These studies examined potential mechanisms for the relative ineffectiveness of allogeneic donor lymphocyte infusion and allogeneic graft versus leukemia effects in pre-B acute lymphoblasatic leukemias that harbor bcr/abl and INK4A/ARF mutations, common high-risk genetic lesions in human ALL. Specifically, experiments using murine leukemias induced by human mutations tested the hypothesis that such mutations render leukemias resistant to allogeneic effectors. Both in vivo and in vitro p210 bcr/abl+, INK4A/ARF null ALL lines were inhibited by allogeneic immune effectors. The leukemias remained exquisitely sensitive to allogeneic T cells directed against minor histocompatibility antigens. ALL cells harboring the p190 bcr/abl mutation also remained sensitive to anti-mHA T cells. The sensitivity of the p210 bcr/abl+ ALL’s was similar to p210 bcr/abl+ AML’s, contrary to results in clinical transplantation in which more potent GVL effects are observed in AML compared to ALL. In addition, we demonstrated that in vivo the ALL cells could effectively induce T cell responses to antigens in the ALL cells.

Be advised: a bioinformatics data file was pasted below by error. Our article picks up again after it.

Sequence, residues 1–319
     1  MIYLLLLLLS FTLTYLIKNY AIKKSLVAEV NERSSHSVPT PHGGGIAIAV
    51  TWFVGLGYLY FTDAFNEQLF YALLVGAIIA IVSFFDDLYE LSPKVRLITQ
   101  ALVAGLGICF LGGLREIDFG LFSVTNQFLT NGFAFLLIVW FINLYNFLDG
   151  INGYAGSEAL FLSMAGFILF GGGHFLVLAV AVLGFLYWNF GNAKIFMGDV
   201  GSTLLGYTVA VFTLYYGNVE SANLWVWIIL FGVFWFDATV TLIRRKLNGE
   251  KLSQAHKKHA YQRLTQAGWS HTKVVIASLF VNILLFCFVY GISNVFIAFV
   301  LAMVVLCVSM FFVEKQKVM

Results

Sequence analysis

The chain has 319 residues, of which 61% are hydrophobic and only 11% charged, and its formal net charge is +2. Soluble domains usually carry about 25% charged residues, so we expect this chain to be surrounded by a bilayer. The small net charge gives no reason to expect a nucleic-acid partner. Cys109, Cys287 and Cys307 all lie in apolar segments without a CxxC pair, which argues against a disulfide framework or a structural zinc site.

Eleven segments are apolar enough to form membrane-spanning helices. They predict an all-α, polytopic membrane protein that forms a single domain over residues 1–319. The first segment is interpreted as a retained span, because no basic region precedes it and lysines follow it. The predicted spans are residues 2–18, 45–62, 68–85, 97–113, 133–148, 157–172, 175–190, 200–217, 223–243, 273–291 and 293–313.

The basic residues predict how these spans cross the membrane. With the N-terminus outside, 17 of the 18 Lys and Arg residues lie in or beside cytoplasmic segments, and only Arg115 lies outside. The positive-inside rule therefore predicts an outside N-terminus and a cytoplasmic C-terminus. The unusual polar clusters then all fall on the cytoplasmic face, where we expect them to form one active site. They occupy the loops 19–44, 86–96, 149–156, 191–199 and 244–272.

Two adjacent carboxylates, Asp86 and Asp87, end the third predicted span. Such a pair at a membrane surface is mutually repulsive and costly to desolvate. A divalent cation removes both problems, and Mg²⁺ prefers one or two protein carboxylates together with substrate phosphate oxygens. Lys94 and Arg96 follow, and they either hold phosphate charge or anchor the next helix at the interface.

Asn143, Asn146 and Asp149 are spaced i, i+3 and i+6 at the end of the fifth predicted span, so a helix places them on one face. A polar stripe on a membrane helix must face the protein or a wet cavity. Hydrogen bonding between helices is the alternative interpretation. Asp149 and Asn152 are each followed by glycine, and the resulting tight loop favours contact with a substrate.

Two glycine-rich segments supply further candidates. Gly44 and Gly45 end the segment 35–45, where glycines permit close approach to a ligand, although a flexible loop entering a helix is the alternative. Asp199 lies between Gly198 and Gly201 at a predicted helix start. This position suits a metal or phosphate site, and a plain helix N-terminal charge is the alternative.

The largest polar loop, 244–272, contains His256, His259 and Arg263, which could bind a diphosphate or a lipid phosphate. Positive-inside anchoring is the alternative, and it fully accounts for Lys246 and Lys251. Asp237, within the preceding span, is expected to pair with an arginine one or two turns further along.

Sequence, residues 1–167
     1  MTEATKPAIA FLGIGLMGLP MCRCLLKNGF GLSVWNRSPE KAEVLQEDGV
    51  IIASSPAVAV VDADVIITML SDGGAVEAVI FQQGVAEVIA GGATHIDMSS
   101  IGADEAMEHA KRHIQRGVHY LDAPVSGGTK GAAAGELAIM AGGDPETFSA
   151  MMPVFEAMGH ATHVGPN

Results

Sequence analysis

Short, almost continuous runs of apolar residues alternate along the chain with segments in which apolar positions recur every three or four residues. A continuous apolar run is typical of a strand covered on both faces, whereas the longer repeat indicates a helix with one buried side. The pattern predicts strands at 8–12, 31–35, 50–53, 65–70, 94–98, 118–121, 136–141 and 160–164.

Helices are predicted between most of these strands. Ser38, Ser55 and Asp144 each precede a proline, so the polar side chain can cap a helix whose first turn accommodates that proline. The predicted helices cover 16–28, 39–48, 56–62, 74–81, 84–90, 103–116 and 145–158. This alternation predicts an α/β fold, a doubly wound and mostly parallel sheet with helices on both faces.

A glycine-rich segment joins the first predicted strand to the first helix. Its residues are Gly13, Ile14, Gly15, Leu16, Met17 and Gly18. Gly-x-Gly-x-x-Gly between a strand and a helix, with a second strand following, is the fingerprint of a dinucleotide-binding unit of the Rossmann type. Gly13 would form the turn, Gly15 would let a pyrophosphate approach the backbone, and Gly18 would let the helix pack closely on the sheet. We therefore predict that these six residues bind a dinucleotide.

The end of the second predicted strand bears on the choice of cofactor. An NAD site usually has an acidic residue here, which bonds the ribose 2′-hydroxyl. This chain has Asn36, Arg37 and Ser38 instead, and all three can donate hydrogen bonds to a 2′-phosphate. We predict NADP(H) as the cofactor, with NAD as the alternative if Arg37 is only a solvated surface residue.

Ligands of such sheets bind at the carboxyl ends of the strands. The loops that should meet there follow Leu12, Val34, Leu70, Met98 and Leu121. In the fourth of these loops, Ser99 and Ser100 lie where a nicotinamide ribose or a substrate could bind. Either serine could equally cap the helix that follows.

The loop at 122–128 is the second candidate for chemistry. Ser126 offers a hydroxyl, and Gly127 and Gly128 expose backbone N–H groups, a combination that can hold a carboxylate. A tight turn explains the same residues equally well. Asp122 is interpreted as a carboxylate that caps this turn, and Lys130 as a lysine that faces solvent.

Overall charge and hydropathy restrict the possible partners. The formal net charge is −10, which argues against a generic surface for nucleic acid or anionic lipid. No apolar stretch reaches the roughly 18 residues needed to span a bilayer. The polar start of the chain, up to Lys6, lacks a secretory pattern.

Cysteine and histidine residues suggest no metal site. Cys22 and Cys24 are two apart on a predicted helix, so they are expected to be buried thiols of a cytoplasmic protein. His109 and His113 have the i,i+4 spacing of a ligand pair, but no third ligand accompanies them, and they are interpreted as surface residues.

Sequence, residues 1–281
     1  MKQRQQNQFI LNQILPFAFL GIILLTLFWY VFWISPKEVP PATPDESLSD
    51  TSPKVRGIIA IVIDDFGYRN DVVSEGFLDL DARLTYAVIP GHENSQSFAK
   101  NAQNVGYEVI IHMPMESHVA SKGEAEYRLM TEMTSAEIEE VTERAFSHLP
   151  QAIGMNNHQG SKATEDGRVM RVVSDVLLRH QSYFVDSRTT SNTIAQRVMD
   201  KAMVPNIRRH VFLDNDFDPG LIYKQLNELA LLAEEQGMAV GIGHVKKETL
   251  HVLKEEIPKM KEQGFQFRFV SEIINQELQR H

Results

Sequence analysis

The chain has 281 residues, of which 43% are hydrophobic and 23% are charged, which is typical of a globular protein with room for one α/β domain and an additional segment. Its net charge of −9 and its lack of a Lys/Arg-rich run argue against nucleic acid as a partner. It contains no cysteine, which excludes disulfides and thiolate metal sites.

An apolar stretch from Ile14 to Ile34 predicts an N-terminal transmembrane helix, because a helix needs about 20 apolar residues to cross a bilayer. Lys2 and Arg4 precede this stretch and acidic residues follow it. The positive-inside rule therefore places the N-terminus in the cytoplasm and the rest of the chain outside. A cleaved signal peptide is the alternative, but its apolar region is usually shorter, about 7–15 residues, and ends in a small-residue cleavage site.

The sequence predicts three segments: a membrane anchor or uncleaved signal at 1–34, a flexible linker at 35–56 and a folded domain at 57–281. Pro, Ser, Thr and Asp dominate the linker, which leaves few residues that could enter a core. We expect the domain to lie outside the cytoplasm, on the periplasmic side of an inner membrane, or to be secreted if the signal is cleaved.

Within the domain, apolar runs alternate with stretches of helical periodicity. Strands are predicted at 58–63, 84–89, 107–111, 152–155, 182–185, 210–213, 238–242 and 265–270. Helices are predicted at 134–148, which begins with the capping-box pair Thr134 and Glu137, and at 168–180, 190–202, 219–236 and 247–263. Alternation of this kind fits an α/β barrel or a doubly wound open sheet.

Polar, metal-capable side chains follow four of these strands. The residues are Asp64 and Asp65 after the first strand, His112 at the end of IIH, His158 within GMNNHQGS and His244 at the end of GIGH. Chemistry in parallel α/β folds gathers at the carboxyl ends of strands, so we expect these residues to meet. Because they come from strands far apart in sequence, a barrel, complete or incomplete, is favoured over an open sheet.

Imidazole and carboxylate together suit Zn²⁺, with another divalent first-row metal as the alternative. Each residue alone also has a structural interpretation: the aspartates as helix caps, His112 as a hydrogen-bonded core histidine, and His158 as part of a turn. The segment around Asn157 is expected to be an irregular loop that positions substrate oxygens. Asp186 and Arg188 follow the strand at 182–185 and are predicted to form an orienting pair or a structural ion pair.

There are several limitations to these studies. First, the experiments examined the sensitivity of the leukemias to widely distributed minor histocompatibilty antigens, rather than hematopoietic specific or leukemia specific T cell responses. Thus, it remains conceivable that while the ALL’s remain sensitive to T cells directed against these ubiquitous mHA, they may be resistant to T cells directed against tissue specific or leukemia specific antigens. However, such resistance would not be related to lack of MHC class I expression, resistance to CTL effector mechanisms, blockade to induction of apoptosis, or inability to present antigens in general. The experimental model effectively rules out these mechanisms. Untested is the possibility that the ALL’s fail to synthesize and present potential hematopoietic antigens. We cannot test this hypothesis since we do not know the nature of such antigens and the nature of T cell responses to such antigens in this model. Second, the experiments assessing the rates of leukemia progression in the allogeneic transplants (Figure 1) did not characterize the GVHD in vivo. This was a conscious decision of experimental design based on years of experience with this model in which GVHD is reliably induced and GVHD related mortality occurs in 6–8 weeks. Our goal was not to determine if there would be long term survivors of the transplants or if leukemia-selective GVL could be induced. Rather, the goal of the experiments was to determine if the leukemias with the specific human genetic mutations were intrinsically resistant to allogeneic effects.